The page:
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NiteTalk: Author Helena Andrews Is No Carrie Bradshaw

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NiteTalk: Author Helena Andrews Is No Carrie Bradshaw
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Helena Andrews, author of one of the most highly anticipated memoirs of the summer, is redefining what it means to be young, single and fabulous. "Bitch is the New Black" is a collection of tongue-in-cheek essays from Andrews' point of view that goes beyond popular Candace Bushnell material like "Sex and the City." Andrews offers a fresh perspective on what it means to come of age in the District with some highly hilarious (think going on a "non-date" with President Obama's body man Reggie Love) yet very heavy-hitting (think dealing with a close friend who committed suicide) issues.

Andrews chats with Niteside about her upcoming memoir, dating in D.C. and how difficult it is to create your own path as a successful woman in one of the most powerful cities in the nation.

 
"Bitch is the New Black" is a memoir-turned-movie due out in June, but why the term "bitch"? We had a lot of different working titles like "Dirty Astronaut Diapers" because I was fascinated by Lisa Nowak, the former astronaut who drove 5,000 miles to stalk her lover's mistress. This is a woman who is successful, seemingly really smart but who totally ruined her life for a guy. ... But I was watching "Saturday Night Live" and they were talking about Hillary Clinton during the election and [Tina Fey] said, 'Bitch is the new black!' in defense of her. Successful women are often marginalized and categorized as being bitches ... but is that necessarily a bad thing? Being a bitch is in vogue for the modern woman.

The book is really a tongue-in-cheek depiction of single living in D.C. Still what are some dating tips you would give to women looking for a mate in the District? I never give advice because I'm not an expert, but I will tell you what I tell my girls. ... We can fall into certain patterns when it comes to our dating life. Why are you constantly going to the same club that you can't stand, thinking you're going to meet someone there? You've got to switch it up. ... Don't fall into the same pattern, the same routine. That's going to yield the same results.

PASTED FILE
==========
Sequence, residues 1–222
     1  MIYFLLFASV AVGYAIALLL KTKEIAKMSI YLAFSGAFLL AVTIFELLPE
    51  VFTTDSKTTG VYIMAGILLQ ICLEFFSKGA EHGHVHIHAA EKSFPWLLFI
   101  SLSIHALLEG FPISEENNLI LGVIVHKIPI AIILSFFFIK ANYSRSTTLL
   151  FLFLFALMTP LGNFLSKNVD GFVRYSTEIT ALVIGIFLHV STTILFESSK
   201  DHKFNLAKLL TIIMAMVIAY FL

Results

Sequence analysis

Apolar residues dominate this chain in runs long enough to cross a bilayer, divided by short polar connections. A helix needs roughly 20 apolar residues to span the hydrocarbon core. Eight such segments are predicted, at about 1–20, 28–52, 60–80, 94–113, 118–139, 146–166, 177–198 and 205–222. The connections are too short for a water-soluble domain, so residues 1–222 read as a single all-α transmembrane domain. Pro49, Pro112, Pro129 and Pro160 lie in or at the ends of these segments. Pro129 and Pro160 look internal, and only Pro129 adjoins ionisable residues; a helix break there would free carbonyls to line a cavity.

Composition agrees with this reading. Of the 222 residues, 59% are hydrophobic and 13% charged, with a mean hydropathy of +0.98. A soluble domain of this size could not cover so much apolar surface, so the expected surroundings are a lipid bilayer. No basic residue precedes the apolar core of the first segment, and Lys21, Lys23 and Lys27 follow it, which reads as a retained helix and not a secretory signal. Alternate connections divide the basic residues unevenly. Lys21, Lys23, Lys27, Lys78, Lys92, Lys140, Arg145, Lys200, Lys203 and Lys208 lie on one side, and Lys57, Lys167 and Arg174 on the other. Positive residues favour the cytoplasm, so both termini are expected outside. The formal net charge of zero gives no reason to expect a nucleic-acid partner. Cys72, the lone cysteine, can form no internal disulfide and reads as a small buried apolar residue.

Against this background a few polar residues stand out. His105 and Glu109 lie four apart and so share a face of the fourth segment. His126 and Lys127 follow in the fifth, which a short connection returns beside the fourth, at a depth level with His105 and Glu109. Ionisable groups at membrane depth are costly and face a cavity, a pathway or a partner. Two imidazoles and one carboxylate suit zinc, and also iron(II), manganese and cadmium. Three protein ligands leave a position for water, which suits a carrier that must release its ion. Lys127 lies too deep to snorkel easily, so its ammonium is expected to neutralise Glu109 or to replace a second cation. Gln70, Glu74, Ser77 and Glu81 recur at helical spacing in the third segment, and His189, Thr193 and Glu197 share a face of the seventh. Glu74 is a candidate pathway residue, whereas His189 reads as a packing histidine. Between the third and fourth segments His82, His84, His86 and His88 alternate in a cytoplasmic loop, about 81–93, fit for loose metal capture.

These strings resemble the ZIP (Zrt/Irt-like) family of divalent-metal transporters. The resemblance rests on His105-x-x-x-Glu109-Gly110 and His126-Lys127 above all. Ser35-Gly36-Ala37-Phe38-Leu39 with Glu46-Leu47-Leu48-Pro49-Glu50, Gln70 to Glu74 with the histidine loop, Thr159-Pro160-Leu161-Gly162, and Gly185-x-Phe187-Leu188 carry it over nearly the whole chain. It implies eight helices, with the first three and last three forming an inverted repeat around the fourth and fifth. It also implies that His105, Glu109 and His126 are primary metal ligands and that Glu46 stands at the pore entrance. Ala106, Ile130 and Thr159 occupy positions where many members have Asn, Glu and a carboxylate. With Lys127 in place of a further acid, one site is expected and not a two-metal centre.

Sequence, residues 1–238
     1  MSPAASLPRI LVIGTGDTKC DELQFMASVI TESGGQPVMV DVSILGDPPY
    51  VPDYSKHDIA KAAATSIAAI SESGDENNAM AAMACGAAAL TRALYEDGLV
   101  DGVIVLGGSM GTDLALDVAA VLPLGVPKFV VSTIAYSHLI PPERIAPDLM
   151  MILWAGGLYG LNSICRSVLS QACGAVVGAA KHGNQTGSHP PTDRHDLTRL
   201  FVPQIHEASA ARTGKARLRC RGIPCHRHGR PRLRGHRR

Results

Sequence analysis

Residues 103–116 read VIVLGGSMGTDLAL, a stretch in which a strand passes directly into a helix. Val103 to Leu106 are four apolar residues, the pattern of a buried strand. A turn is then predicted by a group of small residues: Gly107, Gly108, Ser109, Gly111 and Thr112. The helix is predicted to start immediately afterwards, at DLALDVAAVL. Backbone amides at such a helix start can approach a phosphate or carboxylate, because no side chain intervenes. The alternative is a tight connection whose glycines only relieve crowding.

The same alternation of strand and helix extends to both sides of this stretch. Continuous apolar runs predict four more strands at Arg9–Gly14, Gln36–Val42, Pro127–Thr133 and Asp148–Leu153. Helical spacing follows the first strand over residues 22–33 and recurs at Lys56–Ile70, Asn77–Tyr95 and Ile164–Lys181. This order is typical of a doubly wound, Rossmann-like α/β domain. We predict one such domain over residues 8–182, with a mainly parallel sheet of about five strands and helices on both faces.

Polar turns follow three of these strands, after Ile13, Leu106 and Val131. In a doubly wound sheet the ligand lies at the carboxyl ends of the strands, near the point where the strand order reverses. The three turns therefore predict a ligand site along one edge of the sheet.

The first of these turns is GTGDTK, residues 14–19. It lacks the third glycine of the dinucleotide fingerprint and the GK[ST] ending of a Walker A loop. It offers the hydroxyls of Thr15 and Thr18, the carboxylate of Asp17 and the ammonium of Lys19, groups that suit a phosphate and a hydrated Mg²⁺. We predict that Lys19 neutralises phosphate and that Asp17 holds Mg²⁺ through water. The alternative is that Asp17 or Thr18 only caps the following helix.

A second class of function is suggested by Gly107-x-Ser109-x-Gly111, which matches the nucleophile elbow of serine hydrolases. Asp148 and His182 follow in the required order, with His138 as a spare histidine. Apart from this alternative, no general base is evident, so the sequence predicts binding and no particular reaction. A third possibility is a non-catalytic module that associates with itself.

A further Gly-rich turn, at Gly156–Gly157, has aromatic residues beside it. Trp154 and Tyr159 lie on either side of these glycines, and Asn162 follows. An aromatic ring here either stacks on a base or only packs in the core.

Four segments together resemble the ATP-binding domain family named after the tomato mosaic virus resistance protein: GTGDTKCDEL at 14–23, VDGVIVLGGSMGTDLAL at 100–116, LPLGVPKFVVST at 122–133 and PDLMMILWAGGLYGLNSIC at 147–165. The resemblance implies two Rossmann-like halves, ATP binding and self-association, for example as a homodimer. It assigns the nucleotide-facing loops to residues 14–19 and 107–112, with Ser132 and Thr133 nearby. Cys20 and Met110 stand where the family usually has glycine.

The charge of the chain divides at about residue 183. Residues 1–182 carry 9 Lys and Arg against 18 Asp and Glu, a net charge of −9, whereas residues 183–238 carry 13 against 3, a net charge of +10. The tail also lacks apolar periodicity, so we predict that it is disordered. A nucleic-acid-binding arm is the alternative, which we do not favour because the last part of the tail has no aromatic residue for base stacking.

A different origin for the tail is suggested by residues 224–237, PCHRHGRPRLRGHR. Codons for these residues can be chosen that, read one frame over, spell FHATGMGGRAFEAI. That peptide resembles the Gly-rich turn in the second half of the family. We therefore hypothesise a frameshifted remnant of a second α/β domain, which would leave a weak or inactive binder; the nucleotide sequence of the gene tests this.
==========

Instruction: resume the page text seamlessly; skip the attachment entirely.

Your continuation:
Tell me about being set up with Reggie Love? Honestly it was a total non-date. ...Maureen Dowd, who I used to work with at The New York Times, mentioned Reggie to me more than once just saying that we should meet. ...I was thinking to myself, "Oh, whatever!" because I didn't know much about him... [but] we met at Marvin. He was a perfect gentleman, very nice, and it was very obvious that we were only there because Maureen set it up and we didn't want to say, "No." ... We had two beers and then he walked me home at the end of it and said, "I'd be honored if we can hang out when I get back in town," because he was still on the campaign trail. He wasn't even living here! I'm sure he only said that because he's a nice guy.

Most people heard your name and your book "Bitch is the New Black" from a profile written about you in The Washington Post. The feature caused such a stir in D.C. and across the Internet. Do you think that article painted an accurate picture of you? I think the article depicted one side of me but it's not the only side. In the end, it kind of proved my point, and it's why I wrote the book "Bitch is the New Black." You see only one side of a woman and you might think she's a bitch [or] she's cold but you don't know the rest of her.

How do you feel about the negative backlash the article produced? Did it change your writing? No! God. Not in the least. It's funny when people talk about the negative backlash because the positive energy was ten times greater. ... If you write for critics then you aren't a writer.

 
Are you still a single woman? I'm not married. ...There is a man in my life but he is not my husband and I'm happy. And if I'm not happy, it's not necessarily because of that factor, it's because growing up is hard and becoming an adult is difficult. But my happiness isn't necessarily dependent on who decides to put a ring on it.

Ultimately, do you want the family, the kids, the house with picket fence plus dog? I have absolutely no idea. You know what? No, living in the suburbs would steal part of my soul. I'm not positive that I want to have kids. ... I don't know. My life right now is deciding what's important to me and how I see myself as successful. ...I think I'm doing things how I'm supposed to be doing them.

 
"Bitch is the New Black: A Memoir by Helena Andrews" hits bookshelves on June 1. The yet-to-be-released memoir has already been picked up by Fox Searchlight to be turned into a movie. The film is still in pre-production.

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